So if we open a command window and ping from one device on this network to another to test that out; we should see that packets are reaching their destination successfully.
However, you may have also noticed that the ports connecting the switches and the routers, and between the routers, are all still red. This is because we haven’t configured the routers yet. So each of these routers doesn’t know what networks are available on each of its ports yet. We’ll look at this in more detail in the next video.
Activity 5 Try it out
1. Openin a new tab or window so you can read these instructions. There are two networks connected by two routers.
2. Can PC0 on the first network send messages to PC1 on the same network?
Click Reveal answer if you would like a hint.
You will need to find the IP addresses of both PCs and ping from PC0 to PC1. You should find this is working OK.
Now watch the following video about configuring routers, which is about 4 minutes long. In the video the speaker refers to a serial connection. This is a type of connection sometimes used to join routers.
In this video we will look at how to configure the routers.
We know that this port, or interface, on router C (which is actually FastEthernet Port 0/0), is connected to network 126.96.36.199.
If I click on Router C, and then ‘Config’, then FastEthernet 0/0 (as this is the port we’re currently working with) – I need to set the IP address to 188.8.131.52 because this provides the default gateway for this network. The subnet mask fills in automatically. I also then need to switch this port ‘on’, and then when I close this down we can see that this is starting to configure, so these ports should now turn green.
This router now knows that on port 0 it can access network 184.108.40.206.
If we then do the same for Router B, so configure, and then FastEthernet port 0, the network on this port is 192.10.6 and then .1 as it is the default gateway for this network. Then remember to switch it on and close it down.
Finally, we would need to do the same for Router A.
As well as configuring the routers this way, we could use the command-line interface. The window at the bottom here, when we were in the ‘Config’ tab, shows the commands that are used: for example, interface and ip address. We won’t look at this in any more detail at the moment, but we will be using those commands later in this course.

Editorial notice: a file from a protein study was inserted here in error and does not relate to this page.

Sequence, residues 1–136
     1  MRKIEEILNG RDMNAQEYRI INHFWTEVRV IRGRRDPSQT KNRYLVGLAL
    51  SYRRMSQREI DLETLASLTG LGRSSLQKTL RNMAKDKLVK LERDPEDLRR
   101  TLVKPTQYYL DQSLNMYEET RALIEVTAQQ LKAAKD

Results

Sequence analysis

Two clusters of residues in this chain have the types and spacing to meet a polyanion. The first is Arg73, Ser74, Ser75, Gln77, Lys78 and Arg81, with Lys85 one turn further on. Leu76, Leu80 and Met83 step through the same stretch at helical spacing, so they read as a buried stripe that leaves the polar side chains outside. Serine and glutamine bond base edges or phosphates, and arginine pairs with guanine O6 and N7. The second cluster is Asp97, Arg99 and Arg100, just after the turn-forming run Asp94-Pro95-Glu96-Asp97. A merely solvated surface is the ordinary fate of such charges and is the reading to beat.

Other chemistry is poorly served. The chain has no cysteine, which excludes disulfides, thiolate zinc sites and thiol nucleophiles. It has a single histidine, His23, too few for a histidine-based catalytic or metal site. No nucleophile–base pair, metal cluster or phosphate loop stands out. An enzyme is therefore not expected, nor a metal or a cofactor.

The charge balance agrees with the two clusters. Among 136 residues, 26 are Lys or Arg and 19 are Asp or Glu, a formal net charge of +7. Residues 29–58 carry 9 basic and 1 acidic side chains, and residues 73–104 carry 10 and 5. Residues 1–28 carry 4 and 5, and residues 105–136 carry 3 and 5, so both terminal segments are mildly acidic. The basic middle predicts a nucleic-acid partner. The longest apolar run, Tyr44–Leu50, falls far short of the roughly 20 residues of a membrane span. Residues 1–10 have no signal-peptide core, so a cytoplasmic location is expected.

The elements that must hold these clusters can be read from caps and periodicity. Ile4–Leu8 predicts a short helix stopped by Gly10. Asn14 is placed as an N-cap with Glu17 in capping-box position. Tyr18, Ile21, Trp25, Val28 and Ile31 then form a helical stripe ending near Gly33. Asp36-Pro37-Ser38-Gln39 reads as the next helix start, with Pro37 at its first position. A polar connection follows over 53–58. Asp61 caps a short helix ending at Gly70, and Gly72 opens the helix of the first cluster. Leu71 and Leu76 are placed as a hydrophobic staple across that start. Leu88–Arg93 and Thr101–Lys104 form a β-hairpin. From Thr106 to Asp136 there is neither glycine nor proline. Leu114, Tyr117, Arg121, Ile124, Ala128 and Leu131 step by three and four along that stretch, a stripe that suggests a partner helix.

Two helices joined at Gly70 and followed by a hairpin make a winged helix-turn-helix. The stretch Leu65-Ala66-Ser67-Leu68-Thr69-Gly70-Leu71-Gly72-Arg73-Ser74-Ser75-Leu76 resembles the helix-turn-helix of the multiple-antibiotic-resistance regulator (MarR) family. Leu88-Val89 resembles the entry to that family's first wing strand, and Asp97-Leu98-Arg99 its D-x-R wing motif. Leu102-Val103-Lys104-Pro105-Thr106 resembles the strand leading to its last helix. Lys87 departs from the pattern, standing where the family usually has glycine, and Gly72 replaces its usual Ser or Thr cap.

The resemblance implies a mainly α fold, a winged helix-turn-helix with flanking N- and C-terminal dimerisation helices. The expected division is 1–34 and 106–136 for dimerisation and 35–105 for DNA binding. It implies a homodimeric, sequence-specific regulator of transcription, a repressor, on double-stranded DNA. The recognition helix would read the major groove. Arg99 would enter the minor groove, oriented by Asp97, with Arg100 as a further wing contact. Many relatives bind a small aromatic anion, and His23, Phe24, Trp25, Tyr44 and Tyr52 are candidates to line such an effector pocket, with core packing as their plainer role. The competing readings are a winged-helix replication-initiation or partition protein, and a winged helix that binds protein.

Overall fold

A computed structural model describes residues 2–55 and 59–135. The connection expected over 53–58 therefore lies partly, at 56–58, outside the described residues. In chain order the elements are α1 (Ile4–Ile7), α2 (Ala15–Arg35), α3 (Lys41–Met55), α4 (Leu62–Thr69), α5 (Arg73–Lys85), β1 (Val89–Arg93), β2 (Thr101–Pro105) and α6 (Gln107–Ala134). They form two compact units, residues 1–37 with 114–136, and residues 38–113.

So as well as the three networks that we’ve already configured on each of those ports, the connections between routers also need to be considered networks. So the link between Router C and Router A is one network. There is also a network between Router A and Router B. So the next job is to provide network addresses for these router interfaces.
So to save a little time – as you’ll be looking as this in more detail later in the course – I’ve created a preconfigured version. I’ve given these network segments addresses. So you can see here between Router A and Router C we have a network address 172.16.0.0. And the between Router A and Router B we have a network address 10.0.0.0.
If we now have a look at Router C, remember before we had configured the FastEthernet 0 port to show this network address. If we look at the connection between the two routers here, which is actually serial connection 2/0, we can see that this now knows that this network is available on this interface – as we’ve given it the address 172.16.1.1.
Router A has two connections – one to Router B and one to Router C – so we should see that in the configuration here. Again, we’ll just check the FastEthernet connection to the local network, which is 220.127.116.11. And then we’ll take a look at the two serial connections. The first one here is 172.16.1.2. And to the other router we have 10.10.10.1.
We’ll take a final look at Router B – which has also been done.
So now we can see that all ports are up and everything is green.
Now watch the following video about using the configured routers as a network, which is about 5 minutes long.
Using the configured routers